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Q&A: Lonnie Holley on ‘MITH,’ improvisation and how memories lead to art

Lonnie Holley is one of the most unlikely heroes in indie-rock circles. He’s a 68-year-old African-American artist born in Jim Crow Alabama. He didn’t make his first album until age 62. His lyrics are almost entirely stream-of-consciousness, and he never performs the same song the same way twice. His band consists of himself on vocals and keys, backed by a trombonist and drummer. He eschews what most people would think of as song structure. His voice is untrained at best, and he never stops singing. And he’s collaborated with Bon Iver and members of Deerhunter and the Black Lips; toured with Bill Callahan and Animal Collective; contributed several interludes to an Arthur Russell tribute album and recently inked a deal with Jagjaguwar, known for indie heroes like Okkervil River.

It’s easy to be skeptical, reminded of the aging bluesmen trotted out by shady promoters before leering white audiences during the ’60s folk revival. But the differences are that Holley has more creative control than just about any other artist you could care to name — he’s unbound even by the restrictions of playing the same song twice — and he’s spent decades as an internationally-renowned artist with complete creative control: just not for music. His monumental sculptures, often made from trash, have been a fixture of the American art world since the 1980s and were displayed in the White House under President Clinton.

He’d been making music all that time in private, but encouraged by art collector Matt Arnett and Lance Ledbetter of reissue label Dust-to-Digital, he started releasing new recordings early this decade. Just Before Music (2012) and Keeping A Record Of It (2013) came out on Ledbetter’s label to modest acclaim; this year’s MITH, a humanistic lament for America, is one of 2018’s best records.

Album artwork for Lonnie Holley’s MITH (Courtesy of Jagjaguwar)

Holley will headline the 15th anniversary celebration of Mississippi Records with a performance at Portland’s Hollywood Theater on Monday, Dec. 3. Toody Cole (Dead Moon, Pierced Arrows, The Rats, Range Rats) with a surprise band. Renowned songwriters Michael Hurley and Ural Thomas will also perform. Fresh off a tour of Europe, Holley answered a few of our questions via email.

You’ve been writing songs for decades but only recently decided to take up a recording career. Why did it take so long?

Lonnie Holley: I was focused on making art. I didn’t really think about music from the studio. It was something I was doing for private comfort. But once I started thinking about sharing it with other people, and me hearing it played back, I got excited about sharing it.

Do you feel like the press, audiences, etc. focus too much on your life story and not enough on your art?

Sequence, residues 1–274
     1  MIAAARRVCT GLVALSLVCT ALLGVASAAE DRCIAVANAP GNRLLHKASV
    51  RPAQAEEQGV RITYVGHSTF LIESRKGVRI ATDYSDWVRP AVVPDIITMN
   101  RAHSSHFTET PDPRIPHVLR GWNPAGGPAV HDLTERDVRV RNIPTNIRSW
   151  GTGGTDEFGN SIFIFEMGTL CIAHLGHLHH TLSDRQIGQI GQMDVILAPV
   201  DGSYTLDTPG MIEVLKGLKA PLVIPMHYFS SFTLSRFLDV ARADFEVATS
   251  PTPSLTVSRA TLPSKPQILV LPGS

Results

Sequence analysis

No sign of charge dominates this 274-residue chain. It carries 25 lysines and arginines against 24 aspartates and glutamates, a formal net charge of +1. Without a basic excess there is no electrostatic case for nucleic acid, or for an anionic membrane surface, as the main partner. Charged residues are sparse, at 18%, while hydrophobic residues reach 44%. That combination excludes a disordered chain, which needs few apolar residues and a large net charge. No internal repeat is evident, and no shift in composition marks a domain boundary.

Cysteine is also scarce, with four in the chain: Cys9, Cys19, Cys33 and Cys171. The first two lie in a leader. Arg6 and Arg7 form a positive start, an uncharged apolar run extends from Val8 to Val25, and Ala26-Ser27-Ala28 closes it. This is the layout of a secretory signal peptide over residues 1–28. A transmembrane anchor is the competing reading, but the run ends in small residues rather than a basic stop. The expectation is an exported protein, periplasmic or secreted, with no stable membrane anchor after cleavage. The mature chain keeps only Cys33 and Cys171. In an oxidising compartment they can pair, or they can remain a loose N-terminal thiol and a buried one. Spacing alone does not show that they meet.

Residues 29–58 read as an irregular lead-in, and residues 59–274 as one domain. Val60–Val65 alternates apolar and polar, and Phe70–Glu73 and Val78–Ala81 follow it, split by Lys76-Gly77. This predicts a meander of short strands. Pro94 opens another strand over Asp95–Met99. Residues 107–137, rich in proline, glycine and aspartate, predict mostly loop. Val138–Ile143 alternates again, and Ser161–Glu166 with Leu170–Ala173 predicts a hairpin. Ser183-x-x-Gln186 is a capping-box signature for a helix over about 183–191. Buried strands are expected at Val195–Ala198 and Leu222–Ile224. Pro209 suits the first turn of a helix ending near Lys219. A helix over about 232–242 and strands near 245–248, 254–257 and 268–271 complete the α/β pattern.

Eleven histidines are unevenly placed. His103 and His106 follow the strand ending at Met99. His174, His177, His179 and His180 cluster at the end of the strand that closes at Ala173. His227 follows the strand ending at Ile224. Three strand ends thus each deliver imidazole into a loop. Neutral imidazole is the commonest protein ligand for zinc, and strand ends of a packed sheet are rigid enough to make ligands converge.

In the past, I think that maybe that was true. But I understand why it fascinates some people. How many people are the 7th of their mama’s 27 children from 32 pregnancies? How many children got taken away from their mama’s and traveled with a burlesque dancer? How many young children grew up in whiskey houses and was entertained by the state fair and a drive-in theater in their backyard? How many young people were locked up for no reason when they were barely 11 and basically lived like a slave for four years? In the 1960s in America? I don’t think the answer to any of those questions is a big number. And here I am having lived all of that. And then to take all of those things I’ve encountered and become an artist who has art in museums all over the country, I recently saw online where someone commented and said, “I wonder how much of that story really happened to him?” And I thought, “Man, I wish some of it hadn’t happened.” But then realized that all of that stuff was what led me to be who I am today. And I wouldn’t want or wish my life on anyone else, but it was the life that happened to me. And I appreciate it and am grateful for it.

You play a lot of shows and collaborate with indie rock artists whose audiences are chiefly younger, white fans with a background in rock and who might not normally be exposed to improvised music by a 68-year-old African American artist. Do you feel like these audiences appreciate or understand your work?

I do. My band and I just played a bunch of shows this summer with Animal Collective, and their audience was so appreciative. They gave us standing ovations every night. And I noticed that the Animal Collective guys, who were so nice to us, would often stand by the stage and watch a lot of our set. Matt [Arnett] is always having to tell me about the people we are playing with. I don’t know if those audiences have always understood what I was doing or not, but they sure acted nice either way. I remember some nights when we would start a show, Dan [Lanois] would come out and introduce me. I wasn’t as well-known then, and I’m sure it helped get people to focus and listen. That meant a lot to me. If there was ever anything I could do for Dan, I’d do it. But I feel that way about Bradford and Bill Callahan and everyone else, too. When Bill had his baby, I sent him a painting to welcome his child into the world.